China asked for independent Uighur probe on first anniversary

China security forces fanned out to keep Urumqi city in check on Monday, the first anniversary of deadly ethnic violence a year ago, flooding the streets.

China asked for independent Uighur probe on first anniversary

China security forces fanned out to keep Urumqi city in check on Monday, the first anniversary of deadly ethnic violence a year ago, flooding the streets with paramilitary police, some armed and others in riot gear.

At least 197 people died in the violence in what groups of Uighurs, a Turkic-speaking people, call "East Turkistan".

On Monday, security personnel were concentrated in the city centre and the Uighur areas of Urumqi. Armed security forces and riot police patrolled in formation, and police vans made regular rounds in the area.

Residents came under the watchful eye of thousands of new security cameras and riot police, armed with guns, loudspeakers, shields and helmets.

China blamed pro-independence exile groups for "orchestrating the July 2009 unrest."

But Uighurs say the violence was sparked when police cracked down on peaceful demonstrations staged over a factory brawl the month before in southern China in which two Uighur migrant workers were killed.

"Calls for independent probe"


Rights watchdog Amnesty International called for an independent probe, citing "excessive use of force, mass arrests, enforced disappearances, torture and ill treatment" of prisoners during the security crackdown after the protests.

Dilxat Raxit, a spokesman for the overseas World Uighur Congress, said: "We call on the international community to pressure China to carry out an independent inquiry on the events of July 5 and end repression of Uighurs."

"There is too big a gap between the numbers of dead China has announced and the reports we have received," he said by telephone.

"Closings"


A propaganda effort to keep emotions in check matched the massive security drive, with state media promoting a push to boost economic growth that would ensure control in the restive but resource-rich and strategically located region.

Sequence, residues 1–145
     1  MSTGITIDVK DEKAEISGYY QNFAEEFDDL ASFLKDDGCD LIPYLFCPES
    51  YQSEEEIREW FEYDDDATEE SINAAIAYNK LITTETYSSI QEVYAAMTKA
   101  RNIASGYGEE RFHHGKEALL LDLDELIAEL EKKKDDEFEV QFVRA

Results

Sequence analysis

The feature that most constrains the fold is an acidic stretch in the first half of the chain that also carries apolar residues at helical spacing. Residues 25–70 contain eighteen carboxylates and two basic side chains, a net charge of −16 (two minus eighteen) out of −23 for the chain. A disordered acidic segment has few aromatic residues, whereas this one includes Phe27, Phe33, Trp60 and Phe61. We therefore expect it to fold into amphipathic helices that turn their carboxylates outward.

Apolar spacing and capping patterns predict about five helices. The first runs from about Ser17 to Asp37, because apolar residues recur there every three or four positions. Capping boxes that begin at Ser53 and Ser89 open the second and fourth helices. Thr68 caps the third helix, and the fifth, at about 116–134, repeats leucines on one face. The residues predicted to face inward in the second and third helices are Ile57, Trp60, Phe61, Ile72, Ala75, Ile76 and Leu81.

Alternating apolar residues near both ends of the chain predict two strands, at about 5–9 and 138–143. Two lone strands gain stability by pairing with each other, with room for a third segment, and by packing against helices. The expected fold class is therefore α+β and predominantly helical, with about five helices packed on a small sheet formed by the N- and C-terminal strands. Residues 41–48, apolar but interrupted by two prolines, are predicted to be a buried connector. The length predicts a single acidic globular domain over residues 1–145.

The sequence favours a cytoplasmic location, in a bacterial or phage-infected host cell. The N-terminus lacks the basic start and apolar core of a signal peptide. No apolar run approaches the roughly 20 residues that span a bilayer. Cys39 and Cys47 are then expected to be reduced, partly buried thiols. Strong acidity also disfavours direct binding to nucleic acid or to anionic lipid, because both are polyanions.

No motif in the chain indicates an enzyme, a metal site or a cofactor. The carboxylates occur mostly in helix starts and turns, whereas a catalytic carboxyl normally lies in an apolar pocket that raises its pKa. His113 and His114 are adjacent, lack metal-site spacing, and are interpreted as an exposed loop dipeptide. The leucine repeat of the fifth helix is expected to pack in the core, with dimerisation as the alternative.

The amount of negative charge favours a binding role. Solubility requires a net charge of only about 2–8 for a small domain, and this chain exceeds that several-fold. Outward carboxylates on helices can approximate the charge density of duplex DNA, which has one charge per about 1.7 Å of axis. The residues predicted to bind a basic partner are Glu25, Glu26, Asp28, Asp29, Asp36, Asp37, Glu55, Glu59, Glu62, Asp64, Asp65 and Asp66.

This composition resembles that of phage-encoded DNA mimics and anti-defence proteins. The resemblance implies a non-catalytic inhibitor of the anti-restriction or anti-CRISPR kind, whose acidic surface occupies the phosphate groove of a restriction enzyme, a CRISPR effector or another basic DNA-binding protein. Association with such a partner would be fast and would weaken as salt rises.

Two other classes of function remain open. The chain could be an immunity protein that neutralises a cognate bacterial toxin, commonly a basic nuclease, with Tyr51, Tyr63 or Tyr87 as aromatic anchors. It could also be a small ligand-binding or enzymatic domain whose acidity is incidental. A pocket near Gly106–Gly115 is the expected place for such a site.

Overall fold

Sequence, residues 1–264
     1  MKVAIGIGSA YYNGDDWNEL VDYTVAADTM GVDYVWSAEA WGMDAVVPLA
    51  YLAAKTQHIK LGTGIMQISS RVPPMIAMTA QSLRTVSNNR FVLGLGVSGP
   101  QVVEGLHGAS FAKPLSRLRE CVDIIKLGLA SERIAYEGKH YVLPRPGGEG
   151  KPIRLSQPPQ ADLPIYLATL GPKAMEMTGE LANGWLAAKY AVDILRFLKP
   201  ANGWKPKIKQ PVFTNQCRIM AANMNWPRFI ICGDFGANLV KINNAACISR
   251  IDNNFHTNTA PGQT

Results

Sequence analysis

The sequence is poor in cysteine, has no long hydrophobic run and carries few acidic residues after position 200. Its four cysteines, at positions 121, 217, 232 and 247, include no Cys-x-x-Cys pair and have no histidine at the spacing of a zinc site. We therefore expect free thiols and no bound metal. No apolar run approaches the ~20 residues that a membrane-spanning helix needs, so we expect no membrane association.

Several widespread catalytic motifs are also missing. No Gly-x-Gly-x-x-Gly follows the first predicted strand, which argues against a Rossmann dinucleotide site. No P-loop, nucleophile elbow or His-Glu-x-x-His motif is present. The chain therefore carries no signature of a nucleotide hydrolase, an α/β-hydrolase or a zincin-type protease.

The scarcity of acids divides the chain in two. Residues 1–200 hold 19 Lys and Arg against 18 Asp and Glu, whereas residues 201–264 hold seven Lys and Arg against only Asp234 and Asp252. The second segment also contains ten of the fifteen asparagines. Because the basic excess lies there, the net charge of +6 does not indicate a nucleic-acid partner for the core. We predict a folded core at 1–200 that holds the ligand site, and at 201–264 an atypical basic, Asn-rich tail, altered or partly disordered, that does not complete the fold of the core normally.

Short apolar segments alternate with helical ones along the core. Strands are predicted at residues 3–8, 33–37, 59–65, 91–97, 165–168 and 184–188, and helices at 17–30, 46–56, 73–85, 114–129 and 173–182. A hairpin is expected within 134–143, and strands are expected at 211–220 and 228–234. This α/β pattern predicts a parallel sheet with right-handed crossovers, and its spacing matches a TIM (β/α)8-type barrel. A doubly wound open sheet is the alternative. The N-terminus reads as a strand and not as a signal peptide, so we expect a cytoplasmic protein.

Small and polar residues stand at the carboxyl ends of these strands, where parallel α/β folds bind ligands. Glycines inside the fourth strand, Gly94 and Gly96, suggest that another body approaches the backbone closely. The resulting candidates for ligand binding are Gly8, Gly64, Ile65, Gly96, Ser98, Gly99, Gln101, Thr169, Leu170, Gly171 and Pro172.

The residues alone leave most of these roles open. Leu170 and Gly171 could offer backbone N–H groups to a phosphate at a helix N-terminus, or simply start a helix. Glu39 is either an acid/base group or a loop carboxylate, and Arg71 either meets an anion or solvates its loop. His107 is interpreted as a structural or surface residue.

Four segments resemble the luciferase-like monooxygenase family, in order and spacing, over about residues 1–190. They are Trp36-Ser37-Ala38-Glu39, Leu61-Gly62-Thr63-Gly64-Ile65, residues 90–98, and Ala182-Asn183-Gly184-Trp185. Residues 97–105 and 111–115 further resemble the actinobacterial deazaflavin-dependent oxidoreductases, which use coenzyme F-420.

The anniversary appeared to have been kept out of regional television, radio and print news, which featured stories on ethnic unity and local issues like flooding and a new airport.

Some Uighurs in Urumqi said they had been told to stay off the streets, and taxi drivers said customers were scarcer than usual with several government offices closing.

"We've been given the day off, to rest at home," said one physical education student on the eve of the anniversary.

Some street hawkers were also told not to come out for a few days and smaller mosques were closed, locals said, but businesses in a Uighur neighbourhood near some of the worst rioting opened up as usual, saying they couldn't afford to take a day off.

"Economic discrimination"


Beijing has pledged faster development to surmount tensions in the region, which has rich energy deposits, borders several central Asian nations and accounts for around one-sixth of Chinese territory.

The violence last year deepened economic woes for many in a city that has struggled to match the booming east coast.

"People are afraid to come here, there are fewer tourists, fewer travellers," said Han Shoujiang, an immigrant from Henan province behind the counter of his shop at the train station.

Job ads, which noted only ethnic Han should apply, were a reminder of the economic discrimination that fuelled the violence.

Many Uighurs resent Han Chinese rule, complaining they're marginalised economically and politically in their own land, while having to tolerate a rising influx of Han Chinese migrants.

Human rights groups accuse Beijing of using claims of "terrorism" as an excuse to crack down on peaceful pro-independence sentiment and expressions of Uighur identity.


Agencies

Güncelleme Tarihi: 05 Temmuz 2010, 16:26

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